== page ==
First and second-generation antihistamines – Know what may work best for you.

Allergic diseases are increasing in both first world as well as lower and middle-income countries. A third of South Africans will suffer from some allergic disease during their life1. The most common allergies result in eczema, asthma, allergic rhinitis (hay fever), urticaria (hives), food allergy and anaphylaxis1.

Some allergies are seasonal, particularly widespread in spring and summer, when reactions to allergens such as tree pollen are prominant2. Whilst other allergies are perennial, or all year round, and include allergies to things such as dust, mould, cockroaches, feathers, and pet dander2.

Seasonal allergic rhinitis (AR), also known as hay fever, is associated with specific seasons of the year, typically in spring3.

With allergy season upon us, people may be looking for over the counter products to assist in the relief of their allergy symptom but may not be aware of which treatments are best. Pharmacists will also be making recommendations based on the individual patients’ needs3.

Dr Corli Lodder of the Allergy Clinic in Boksburg, Johannesburg, says that educating consumers about antihistamines is very important, especially around the difference in first and second generation antihistamines4.

Antihistamines are usually the first medication to try for the relief of allergy symptoms5. When your body encounters an allergy trigger, such as pollen for example, it produces chemicals called histamines, this is an inflammation response. These histamines cause the tissue in your nose to swell (making it stuffy), your nose and eyes to run, and your eyes, nose, and sometimes your mouth to itch. Sometimes you may also get an itchy rash on your skin, called hives5.

Antihistamines reduce or block histamines, which is how they can reduce or stop allergy symptoms5. Furthermore, histamine and a substance called platelet-activating factor (PAF) both play an important role in allergies such as allergic rhinitis6.

Antihistamines can be classified as first and second generation and both can alleviate AR symptoms or other upper respiratory allergies3.

“First generation bind non-specifically to the histamine receptors and can cause side-effects including drowsiness and cognitive impairment. It also causes poor quality of sleep, even though it can make you drowsy and sleepy, the REM-sleep cycle will be impaired, and fatigue can follow,” explains Dr Lodder who adds that sometimes first-generation antihistamines used in combination with flu and cough medicine as well as in allergies can lead to overdosing and even more side-effects4.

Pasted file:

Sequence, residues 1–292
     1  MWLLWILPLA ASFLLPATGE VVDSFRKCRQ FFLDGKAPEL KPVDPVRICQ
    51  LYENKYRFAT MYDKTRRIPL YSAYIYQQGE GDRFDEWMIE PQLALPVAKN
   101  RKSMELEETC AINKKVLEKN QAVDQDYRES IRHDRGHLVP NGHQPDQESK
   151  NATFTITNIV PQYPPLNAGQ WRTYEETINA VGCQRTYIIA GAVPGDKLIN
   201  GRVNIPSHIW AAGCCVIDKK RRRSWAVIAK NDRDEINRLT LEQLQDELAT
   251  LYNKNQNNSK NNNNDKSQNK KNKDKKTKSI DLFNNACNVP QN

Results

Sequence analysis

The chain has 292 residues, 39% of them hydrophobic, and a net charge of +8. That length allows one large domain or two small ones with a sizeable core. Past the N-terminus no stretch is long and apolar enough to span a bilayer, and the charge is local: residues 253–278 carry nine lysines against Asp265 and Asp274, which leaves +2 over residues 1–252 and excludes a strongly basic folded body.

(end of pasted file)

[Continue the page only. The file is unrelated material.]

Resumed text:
Dr Lodder says that lack of concentration at school and work due to cognitive impairment may also be a side effect of some first-generation antihistamines. “In children, the concentration at school can be impaired leading to overdiagnosis of Attention Deficit Disorder 4” she says. 40% of allergy sufferers are children1.

Because some second-generation antihistamines are less likely to cross the blood-brain barrier than first-generation antihistamines, they are associated with fewer nervous system effects, such as drowsiness3. “Second generation antihistamines are more specific in the binding of the receptor and are safe to use daily4” Dr Lodder says.

It is for this reason that second-generation antihistamines are sometimes also referred to as “non-sedating” antihistamines3. Some second-generation antihistamines are also appropriate for use in children3.

A second-generation antihistamine, from iNova Pharmaceuticals, is the first to have an effect on both histamine and platelet-activating factor (PAF) 6. It is a non-sedating, long-acting antihistamine7.

Allergies such as allergic rhinitis are very common conditions and symptoms can cause significant disruptions in daily activities. There are many effective treatments available for these allergies, but patients may be confused and overwhelmed by product labelling and options3. Speak to your doctor or pharmacist about a suitable option for you or your allergy as well as your specific symptom relief needs.

DISCLAIMER: This editorial has been commissioned and brought to you by iNova Pharmaceuticals. This editorial has content that includes independent comments and opinions from independent healthcare providers and are the opinions and experiences of that particular healthcare provider which are not necessarily that of iNova Pharmaceuticals. Content in this editorial is for general information only and is not intended to provide medical or other professional advice. For more information on your medical condition and treatment options, speak to your healthcare professional.

Name and business address of applicant: iNova Pharmaceuticals (Pty) Limited. Co. Reg. No.1952/001640/07, 15E Riley Road, Bedfordview. Tel. No. 011 087 0000. IN3036/18


  1. Allergies – Allergy Foundation South Africa ( [cited November 2022]
  2. What’s the difference between seasonal allergies and perennial allergies? – Parents (
  3. Perspectives on Second-Generation OTC Antihistamines – Pharmacy Times 30 March 2012 ( [online] 30 March 2012 [cited November 2022]
  4. Dr Corli Lodder – Allergy Clinic in Boksburg, Johannesburg (unpaid interview via email conducted on 10 October 2018)
  5. Web MD – Do I need antihistamines for allergies? ( [online] 24 January 2022 [cited November 2022]
  6. Alfaro, V. Role of histamine and platelet-activating factor in allergic rhinitis. Journal of physiology and biochemistry60(2):101-11 · July 2004 ( [online] July 2004 [cited November 2022]
  7. Picado C. Rupatadine: pharmacological profile and its use in the treatment of allergic disorders. Expert Opinion in Pharmacotherapy 2006; 7(14):1989-2001.